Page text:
Grasping complexity in bird songs

         Pitt CRC's Barry Moore ll, left, and Justin Kitzes
         showing off one of the simple acoustic sensors
         at the heart of the OpenSoundscape project.
         The sensors record thousands of hours of bird calls
         that are analyzed by a machine learning program.

Picture yourself in a meadow surrounded by woods. A bird calls – recognize it? Pick it out among other bird calls? Maybe it is a red-winged blackbird – how many? How many other birds? How far do the woods extend until they reach a highway?

The citizen-scientists who now collect most biodiversity data can estimate how many birds are within earshot at a given time in a given location but can’t accurately estimate bird populations within a habitat larger than the range of human hearing. Even if humans could hear every bird within a larger habitat, it is unlikely they could discern useful patterns.

For Justin Kitzes, this limited picture is insufficient. At a time when natural habitats are increasingly sliced into smaller parcels by human activity, it is crucial that surveys of biodiversity become both more expansive and more precise. He has developed a new approach – acoustic sensors acquiring vast sets of bird calls, and machine learning programs making sense of the data.

Kitzes, an assistant professor in Pitt’s Biological Sciences Department, works with Pitt CRC consultant Barry Moore II in refining OpenSoundscape – a machine learning program Kitzes developed to create dense, meaningful and applicable data on the distribution and survival of species.

The strategy partnering bird calls and machine learning has earned recognition. In 2018, Kitzes was one of 11 recipients of a Microsoft and National Geographic AI for Earth Innovation Award, which provides cloud-based tools and artificial intelligence services to researchers in agriculture, biodiversity, conservation, climate change and water conservation, with free access to machine learning tools on Microsoft’s Azure platform.

Kitzes explains the computational challenge of OpenSoundscape. “Bird calls have lots of variability between them, but also lots of similarity. Audio spectra of individual bird calls can vary greatly within one species, and birds sing simultaneously on top of each other. It is a complex picture.”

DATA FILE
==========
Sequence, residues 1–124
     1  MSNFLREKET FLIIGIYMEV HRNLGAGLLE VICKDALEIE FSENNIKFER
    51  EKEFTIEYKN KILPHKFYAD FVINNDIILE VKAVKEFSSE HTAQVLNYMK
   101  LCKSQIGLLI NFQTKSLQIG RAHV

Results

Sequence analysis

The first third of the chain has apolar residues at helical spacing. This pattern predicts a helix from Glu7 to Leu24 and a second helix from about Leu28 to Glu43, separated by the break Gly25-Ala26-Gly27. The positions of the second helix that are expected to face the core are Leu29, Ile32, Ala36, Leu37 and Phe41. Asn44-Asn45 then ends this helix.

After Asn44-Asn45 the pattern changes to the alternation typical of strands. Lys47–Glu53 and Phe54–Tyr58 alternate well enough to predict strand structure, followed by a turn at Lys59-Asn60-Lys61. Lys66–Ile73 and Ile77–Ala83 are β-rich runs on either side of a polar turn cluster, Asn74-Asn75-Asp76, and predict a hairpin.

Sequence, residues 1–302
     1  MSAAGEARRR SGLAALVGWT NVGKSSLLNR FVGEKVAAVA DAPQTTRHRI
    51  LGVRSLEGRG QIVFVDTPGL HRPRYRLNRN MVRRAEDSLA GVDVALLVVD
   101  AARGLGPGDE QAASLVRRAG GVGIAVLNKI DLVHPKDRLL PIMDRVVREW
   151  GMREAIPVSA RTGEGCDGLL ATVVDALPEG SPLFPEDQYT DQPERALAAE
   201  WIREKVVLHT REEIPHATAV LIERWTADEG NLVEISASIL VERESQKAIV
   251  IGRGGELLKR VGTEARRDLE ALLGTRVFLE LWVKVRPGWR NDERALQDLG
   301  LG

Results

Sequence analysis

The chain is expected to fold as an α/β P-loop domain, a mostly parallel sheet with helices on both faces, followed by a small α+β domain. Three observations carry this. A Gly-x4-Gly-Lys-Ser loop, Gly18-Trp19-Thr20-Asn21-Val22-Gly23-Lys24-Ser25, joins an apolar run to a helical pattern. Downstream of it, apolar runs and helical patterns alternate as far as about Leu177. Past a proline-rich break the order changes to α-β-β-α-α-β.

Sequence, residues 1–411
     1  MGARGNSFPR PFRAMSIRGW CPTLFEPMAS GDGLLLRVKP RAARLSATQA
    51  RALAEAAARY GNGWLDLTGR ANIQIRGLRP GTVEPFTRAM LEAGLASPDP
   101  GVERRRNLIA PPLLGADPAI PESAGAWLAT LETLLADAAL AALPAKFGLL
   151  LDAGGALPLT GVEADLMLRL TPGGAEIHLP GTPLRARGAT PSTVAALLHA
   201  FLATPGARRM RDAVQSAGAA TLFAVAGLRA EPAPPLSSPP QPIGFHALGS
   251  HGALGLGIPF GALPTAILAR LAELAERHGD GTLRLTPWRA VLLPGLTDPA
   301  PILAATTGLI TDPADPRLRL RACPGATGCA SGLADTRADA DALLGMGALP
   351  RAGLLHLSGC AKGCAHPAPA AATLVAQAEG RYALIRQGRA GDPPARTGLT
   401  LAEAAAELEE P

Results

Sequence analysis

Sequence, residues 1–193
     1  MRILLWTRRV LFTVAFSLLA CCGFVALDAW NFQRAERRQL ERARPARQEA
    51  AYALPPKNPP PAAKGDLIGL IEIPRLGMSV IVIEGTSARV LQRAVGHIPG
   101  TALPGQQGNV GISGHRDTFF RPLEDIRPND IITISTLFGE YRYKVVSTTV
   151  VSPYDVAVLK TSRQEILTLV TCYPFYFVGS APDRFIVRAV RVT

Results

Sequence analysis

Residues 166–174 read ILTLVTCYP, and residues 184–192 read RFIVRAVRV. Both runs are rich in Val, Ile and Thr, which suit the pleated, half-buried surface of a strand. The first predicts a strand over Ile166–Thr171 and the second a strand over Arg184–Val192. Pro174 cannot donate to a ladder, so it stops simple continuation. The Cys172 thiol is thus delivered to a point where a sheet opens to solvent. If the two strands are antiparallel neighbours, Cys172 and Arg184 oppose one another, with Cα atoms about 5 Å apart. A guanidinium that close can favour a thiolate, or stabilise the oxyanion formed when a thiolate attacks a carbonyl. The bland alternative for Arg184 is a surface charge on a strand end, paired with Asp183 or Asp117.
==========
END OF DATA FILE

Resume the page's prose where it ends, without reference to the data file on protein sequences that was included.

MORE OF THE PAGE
OpenSoundscape begins using simple technology – $50 acoustic sensors running on 3AA batteries. The sensors are deployed at intervals within defined areas – along a stretch of road, for instance. The sensors record and lab members retrieve data cards once a month when the sensors receive a fresh set of batteries.

Now the data problem. Even a relatively small group of sensors recording for several hours a day in a limited area can produce terabytes of data that a human couldn’t possibly listen to in any realistic timeframe, much less analyze. The Kitzes lab alone expects to hit an estimated 100 million observations as of 2020. Humans must cede the role of listening to the computer.

Moore is a research faculty member and consultant at Pitt CRC who collaborates with Kitzes on OpenSoundscape.

“The fundamental question is: can one create a relatively simple machine learning model which functions well with soundscapes? It is a difficult problem due to background noises, weather conditions, simultaneous calls and the amount of data we need to process.”

OpenSoundscape creates templates of audio spectra that match audio spectra of bird calls. Starting with the program’s existing code, Moore and Kitzes seek to generate spectra that can more easily handle background noise that can lead to instability in the program.




Moore first trained a model based on bamboo rat calls. “Rat calls are relatively boring looking – the call produces an audio spectrum of a series of vertical lines. The difficult part with rats is that if we are using a computationally efficient overlap algorithm, the call looks similar to a microphone malfunction. Bird calls produce more complicated shapes in the audio spectra and, in real situations, may overlap each other.”

“We need a method to make the templates of known sounds match the audio spectra without matching other sounds,” Moore explains. “For the rat project we used a more resource intensive matching algorithm to separate malfunctions from rats, but this algorithm will not be fast enough for bird calls. Our focus moving forward is building models which can deal with both these situations.”

Kitzes and Moore are now analyzing data storage and other aspects of OpenSoundscape. They want to develop an interface that works for various levels of users, in which one user can work with data in a simple GUI model, but a more sophisticated user can tune the program, change parameters and control the analysis.

Kitzes is certain OpenSoundscape will soon be used in the field. “We want to see it integrated into daily use by government agencies, private land management, conservation groups. This will be a  common technique in 20 years, but the exciting thing is that it’s happening now, not in the future.”



Brian Connelly
Pitt Center for Research Computing

Friday, September 4, 2020